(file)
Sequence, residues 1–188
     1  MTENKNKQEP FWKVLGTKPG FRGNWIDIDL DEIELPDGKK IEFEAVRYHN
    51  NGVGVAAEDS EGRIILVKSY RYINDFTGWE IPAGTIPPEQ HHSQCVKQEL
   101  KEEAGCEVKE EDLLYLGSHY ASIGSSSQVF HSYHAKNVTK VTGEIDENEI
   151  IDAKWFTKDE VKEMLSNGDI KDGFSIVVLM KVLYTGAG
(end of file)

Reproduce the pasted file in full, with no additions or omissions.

Sequence, residues 1–188
     1  MTENKNKQEP FWKVLGTKPG FRGNWIDIDL DEIELPDGKK IEFEAVRYHN
    51  NGVGVAAEDS EGRIILVKSY RYINDFTGWE IPAGTIPPEQ HHSQCVKQEL
   101  KEEAGCEVKE EDLLYLGSHY ASIGSSSQVF HSYHAKNVTK VTGEIDENEI
   151  IDAKWFTKDE VKEMLSNGDI KDGFSIVVLM KVLYTGAG